What is arthritis?
The term arthritis literally means inflammation of a joint, but is generally used to describe any condition in which there is joint swelling and pain. Inflammation is the body's natural response to injury; the signs of inflammation being present are redness, swelling, heat and pain. It can affect any synovial joint in the body; the hip and knee joint are the most commonly affected by arthritis.
The lining of joints is cartilage (Hyaline cartilage). It coats the ends of bone in a joint and is able to absorb loads and stresses. It has a very low coefficient of friction - to allow smooth movement of the joint.
The amount of cartilage damage, synovial lining inflammation and swelling of the joint varies with the type and stage of the arthritis. Usually the early pain is due to inflammation. Later in the disease, pain is from the irritation of the worn joint structures - and inability of the joint to move properly and smoothly
What are the different types of arthritis?
There are many different types of arthritis the most common ones being Osteoarthritis and Rheumatoid Arthritis. It can affect all age groups and children can also be affected with inflammatory arthritis.
Osteoarthritis is the most common form of arthritis. It is often referred to as wear and tear arthritis as it involves the thinning and breakdown of the articular cartilage lining of the joint. The bone may lose shape and thicken at the ends or produce bony spurs (osteophytes). It causes pain in the joints and surrounding soft tissues and limits the range of movement of a joint.
Osteoarthritis affects many joints including the large, weight bearing joints of the body, the hips and knees and also the spine, hands, feet and shoulders. There are several reasons for the development of osteoarthritis including age, being overweight, heredity factors, and joint damage from a previous injury or during early development of a joint. The severe pain of osteoarthritis can be very tiring and disabling.
Rheumatoid arthritis (RA)
Rheumatoid arthritis (RA) is an autoimmune disease in which the body's immune system (the body's way of fighting infection) attacks healthy joints, tissues, and organs. Occurring most often in women of childbearing age, this disease inflames the synovial lining of the joints. It can cause pain, stiffness, swelling, and loss of function in joints. When severe, rheumatoid arthritis can cause deformity of the joints leading to disability and loss of function.
Rheumatoid arthritis affects most commonly the joints of the hands and feet and tends to be symmetrical (affecting both sides of the body).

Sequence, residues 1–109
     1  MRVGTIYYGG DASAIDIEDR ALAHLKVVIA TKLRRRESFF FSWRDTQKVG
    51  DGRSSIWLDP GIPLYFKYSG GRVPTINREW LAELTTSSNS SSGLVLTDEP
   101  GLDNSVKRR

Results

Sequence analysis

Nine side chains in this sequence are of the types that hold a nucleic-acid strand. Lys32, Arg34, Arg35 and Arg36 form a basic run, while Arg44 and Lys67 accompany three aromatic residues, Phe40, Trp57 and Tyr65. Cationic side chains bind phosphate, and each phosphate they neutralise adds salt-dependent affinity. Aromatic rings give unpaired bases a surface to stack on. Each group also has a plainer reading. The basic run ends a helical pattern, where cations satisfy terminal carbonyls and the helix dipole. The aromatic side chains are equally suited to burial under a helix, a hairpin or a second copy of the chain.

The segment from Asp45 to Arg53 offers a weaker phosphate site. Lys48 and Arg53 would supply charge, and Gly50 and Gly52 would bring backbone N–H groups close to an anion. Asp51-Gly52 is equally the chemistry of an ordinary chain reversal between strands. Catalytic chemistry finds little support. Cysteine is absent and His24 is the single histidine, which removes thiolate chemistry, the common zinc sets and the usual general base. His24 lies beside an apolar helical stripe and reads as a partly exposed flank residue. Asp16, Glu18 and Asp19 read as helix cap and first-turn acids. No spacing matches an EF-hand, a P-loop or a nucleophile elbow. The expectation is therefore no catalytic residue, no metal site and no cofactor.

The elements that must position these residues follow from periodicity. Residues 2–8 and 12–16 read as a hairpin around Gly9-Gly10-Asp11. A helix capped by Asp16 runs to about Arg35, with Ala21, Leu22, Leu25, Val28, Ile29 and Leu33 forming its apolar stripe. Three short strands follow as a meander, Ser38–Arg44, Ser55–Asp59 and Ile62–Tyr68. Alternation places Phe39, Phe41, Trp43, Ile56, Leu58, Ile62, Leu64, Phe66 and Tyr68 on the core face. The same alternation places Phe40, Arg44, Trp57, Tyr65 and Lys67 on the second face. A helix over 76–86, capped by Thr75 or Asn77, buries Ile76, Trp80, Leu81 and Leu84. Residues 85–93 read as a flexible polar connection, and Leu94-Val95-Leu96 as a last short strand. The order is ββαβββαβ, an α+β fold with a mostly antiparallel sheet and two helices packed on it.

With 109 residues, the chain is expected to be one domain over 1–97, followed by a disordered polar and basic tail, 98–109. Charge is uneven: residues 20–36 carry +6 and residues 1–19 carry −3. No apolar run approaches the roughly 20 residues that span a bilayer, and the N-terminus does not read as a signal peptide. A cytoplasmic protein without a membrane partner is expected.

RA is two to three times more common in women than in men. Today modern drugs are able to control the disease process and maintain joint function, thereby reducing the need for joint replacement surgery.
Ankylosing spondylitis describes a form of arthritis that mainly affects the joints of the spine particularly cervical spine (the neck). However it may affect other parts of the body, e.g. hips, shoulders, knees or ankles. It causes inflammation outside the joint where the ligaments and tendons are attached to the bone, whereas in most forms of arthritis the inside of the joint is inflamed.
It usually affects the small joints between the vertebrae of the spine reducing the movements, which take place at these joints. It affects younger people, teenagers to mid thirties and more men than women.
What causes arthritis?
Predisposing factors to Osteoarthritis include age, gender, race and genetics all of which we cannot alter.
Potentially preventable predisposing factors include: Being overweight, Injury, and joint trauma - Trauma in the hip and knee from fractures, torn ligaments, cartilage (menisci) and femoro acetabular impingement (see FAI)
Mechanical stresses on the joints are increased, due to deformity and misalignment - accelerating wearing away of the articular cartilage.
What are the symptoms of arthritis?
Symptoms vary according to the type of arthritis. Each type of arthritis affects the body differently. Arthritic symptoms generally include:
• Pain and swelling or tenderness in one or more joints
• There can be redness and warmth in the joint
• Stiffness and limitation of motion of the joint
• Stiffness of the joint with inactivity and in the morning
• Skin changes and rashes.
• Overall as the disease progresses there is reduction of activity and function with loss of quality of life despite conservative treatment.
How can arthritis be managed?
Initially conservative measure are utilised to help with the pain and disability which include:
• Education and understanding of the disease and its progress
• Activity level and lifestyle can be modification
• Weight loss reduces load on the joint and can improve symptoms
• Diet, foods rich in Omega-3, Turmeric may reduce inflammation and the symptoms of arthritis.
• Physical therapy and regular non-impact exercise.
• Using a walking stick in the opposite hand
• Simple painkillers, anti–inflammatory medication and supplements can be of help if tolerated.
• Joint injections with a steroid and local anaesthetic and /or Hyaluronic acid (viscosimeters) an artificial synovial fluid. Some of the injections are carried out under X ray control. If these injection help they can be repeated.
Studies have shown that regular exercise helps people with arthritis by reducing joint pain and stiffness and increasing flexibility, muscle strength and energy. It also helps with weight reduction and offers an improved sense of well-being.
Exercise in heated swimming pools-hydrotherapy can bring enormous relief from pain and stiffness in the joints.